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The History of Love spans of period of over 60 years and takes readers from Nazi-occupied Eastern Europe to present day Brighton Beach. At the center of each main character's psyche is the issue of loneliness, and the need to fill a void left empty by lost love. Leo Gursky is a retired locksmith who immigrates to New York after escaping SS officers in his native Poland, only to spend the last stage of his life terrified that no one will notice when he dies. ("I try to make a point of being seen. Sometimes when I'm out, I'll buy a juice even though I'm not thirsty.") Fourteen-year-old Alma Singer vacillates between wanting to memorialize her dead father and finding a way to lift her mother's veil of depression. At the same time, she's trying to save her brother Bird, who is convinced he may be the Messiah, from becoming a 10-year-old social pariah. As the connection between Leo and Alma is slowly unmasked, the desperation, along with the potential for salvation, of this unique pair is also revealed.
The poetry of her prose, along with an uncanny ability to embody two completely original characters, is what makes Krauss an expert at her craft. But in the end, it's the absolute belief in the uninteruption of love that makes this novel a pleasure, and a wonder to behold. --Gisele Toueg --This text refers to the Hardcover edition.
Beautiful story, well written, engaging, heartbreaking and lovely.
The characters are well drawn and uniquely identifiable by voice, making it easier to follow the multiple story lines and perspectives from which they are told.
One of the first books I have read in a long time that, when I finished, I turned right back to the beginning and started again.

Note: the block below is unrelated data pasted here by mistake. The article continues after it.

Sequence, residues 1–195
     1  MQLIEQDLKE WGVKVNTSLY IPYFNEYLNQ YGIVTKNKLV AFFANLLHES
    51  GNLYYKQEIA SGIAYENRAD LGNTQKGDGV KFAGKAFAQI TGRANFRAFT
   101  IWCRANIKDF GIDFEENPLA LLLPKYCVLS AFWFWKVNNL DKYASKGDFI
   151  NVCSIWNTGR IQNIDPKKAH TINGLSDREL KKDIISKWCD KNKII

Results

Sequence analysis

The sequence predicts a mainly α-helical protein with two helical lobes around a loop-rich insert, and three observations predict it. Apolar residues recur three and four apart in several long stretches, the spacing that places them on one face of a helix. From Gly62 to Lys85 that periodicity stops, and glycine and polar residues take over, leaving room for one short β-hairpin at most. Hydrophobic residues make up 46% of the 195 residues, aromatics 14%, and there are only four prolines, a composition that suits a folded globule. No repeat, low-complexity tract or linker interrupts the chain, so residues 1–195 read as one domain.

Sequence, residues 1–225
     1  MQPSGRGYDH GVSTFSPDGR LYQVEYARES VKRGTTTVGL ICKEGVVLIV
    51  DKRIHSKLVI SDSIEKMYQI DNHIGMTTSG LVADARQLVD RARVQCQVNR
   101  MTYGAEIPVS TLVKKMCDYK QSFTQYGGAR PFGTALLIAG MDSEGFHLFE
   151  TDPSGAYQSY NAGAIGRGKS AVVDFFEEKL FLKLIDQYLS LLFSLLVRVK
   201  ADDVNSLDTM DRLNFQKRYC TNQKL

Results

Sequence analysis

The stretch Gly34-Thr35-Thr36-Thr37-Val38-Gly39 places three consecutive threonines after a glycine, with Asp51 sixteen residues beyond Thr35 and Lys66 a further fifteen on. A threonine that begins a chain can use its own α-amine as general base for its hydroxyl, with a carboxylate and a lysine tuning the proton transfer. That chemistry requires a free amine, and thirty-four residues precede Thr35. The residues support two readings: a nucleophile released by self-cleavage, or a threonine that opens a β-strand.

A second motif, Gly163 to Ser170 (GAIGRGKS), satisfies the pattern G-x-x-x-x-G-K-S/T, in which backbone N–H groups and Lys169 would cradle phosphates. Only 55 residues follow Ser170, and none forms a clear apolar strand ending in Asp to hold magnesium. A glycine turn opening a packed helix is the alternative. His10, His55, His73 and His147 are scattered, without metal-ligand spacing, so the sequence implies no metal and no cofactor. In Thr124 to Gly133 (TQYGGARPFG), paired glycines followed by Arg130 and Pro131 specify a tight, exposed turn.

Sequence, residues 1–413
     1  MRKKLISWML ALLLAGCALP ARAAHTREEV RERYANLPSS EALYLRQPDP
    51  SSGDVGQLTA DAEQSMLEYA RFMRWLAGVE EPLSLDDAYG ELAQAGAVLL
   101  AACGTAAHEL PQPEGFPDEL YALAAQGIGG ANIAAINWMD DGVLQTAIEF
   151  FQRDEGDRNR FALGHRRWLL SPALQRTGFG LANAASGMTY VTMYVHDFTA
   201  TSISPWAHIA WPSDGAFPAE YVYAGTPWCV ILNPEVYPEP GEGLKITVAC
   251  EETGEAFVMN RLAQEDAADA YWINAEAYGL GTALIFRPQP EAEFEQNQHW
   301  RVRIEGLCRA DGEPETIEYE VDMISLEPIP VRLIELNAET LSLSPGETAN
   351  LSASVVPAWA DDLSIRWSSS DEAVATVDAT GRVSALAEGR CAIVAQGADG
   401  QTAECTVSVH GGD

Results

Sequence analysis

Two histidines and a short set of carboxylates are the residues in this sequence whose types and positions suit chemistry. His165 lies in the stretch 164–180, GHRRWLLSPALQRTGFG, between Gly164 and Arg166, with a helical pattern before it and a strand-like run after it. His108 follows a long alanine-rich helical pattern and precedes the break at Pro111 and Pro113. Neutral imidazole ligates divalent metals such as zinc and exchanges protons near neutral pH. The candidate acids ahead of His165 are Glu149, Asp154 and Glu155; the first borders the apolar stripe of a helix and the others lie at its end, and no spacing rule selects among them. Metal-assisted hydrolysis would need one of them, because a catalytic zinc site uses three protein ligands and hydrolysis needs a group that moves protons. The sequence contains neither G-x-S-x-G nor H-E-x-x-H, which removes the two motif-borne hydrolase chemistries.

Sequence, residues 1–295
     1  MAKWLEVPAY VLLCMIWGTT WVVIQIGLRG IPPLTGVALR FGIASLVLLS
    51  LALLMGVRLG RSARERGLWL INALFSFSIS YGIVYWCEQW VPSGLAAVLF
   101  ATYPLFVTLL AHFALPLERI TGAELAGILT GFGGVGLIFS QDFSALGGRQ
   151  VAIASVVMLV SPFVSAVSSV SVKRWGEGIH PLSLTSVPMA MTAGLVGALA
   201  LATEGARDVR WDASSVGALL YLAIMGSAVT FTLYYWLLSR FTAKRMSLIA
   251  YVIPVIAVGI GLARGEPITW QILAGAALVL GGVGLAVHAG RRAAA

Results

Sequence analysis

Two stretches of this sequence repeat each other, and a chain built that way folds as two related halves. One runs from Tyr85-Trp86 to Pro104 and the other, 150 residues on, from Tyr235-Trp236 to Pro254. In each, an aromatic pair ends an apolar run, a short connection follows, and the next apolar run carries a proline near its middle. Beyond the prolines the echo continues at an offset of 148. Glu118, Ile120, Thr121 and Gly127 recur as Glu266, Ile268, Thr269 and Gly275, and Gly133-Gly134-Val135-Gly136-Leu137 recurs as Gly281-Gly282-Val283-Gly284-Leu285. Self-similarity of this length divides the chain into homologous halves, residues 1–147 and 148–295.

This is a gorgeous book that is sometimes very funny and sometimes heartbreaking. The writing is beautiful, the characters deep and moving. This is a wonderful book.Published 12 days ago by abc
"If you don't know what it feels like to have someone you love put a hand below your bottom rib for the first time, what chance is there for love? Read morePublished 13 days ago by Eve
This is a sad, funny, complex book within a book which manages to tie together a fascinating cast of idiosyncratic characters from eighty-year-old Holocaust survivors to... Read morePublished 13 days ago by Aileen M. Solomon
Disjointed, rambling and difficult to read. I would not recommend it nor would anyone in my book club.Published 18 days ago by karen mamuzic
An exceptionally fine read. I was sincerely moved by the arc of the characters.Published 20 days ago by Justin W.
When I started this book, I was so confused that I just started speed reading, just to get through it for our book group. Read morePublished 22 days ago by Amazon Customer
I didn't finish it because it did not hold my interest, but I will try again some day.Published 25 days ago by lincoln hartford
Loved this book. A little confusing at the beginning but great finish.Published 1 month ago by akskimom
This has become one of my favorite books of ALL TIME. I read a lot. This is a magical combination of story, poetry, imagery - it just does it all superbly. Read morePublished 1 month ago by BB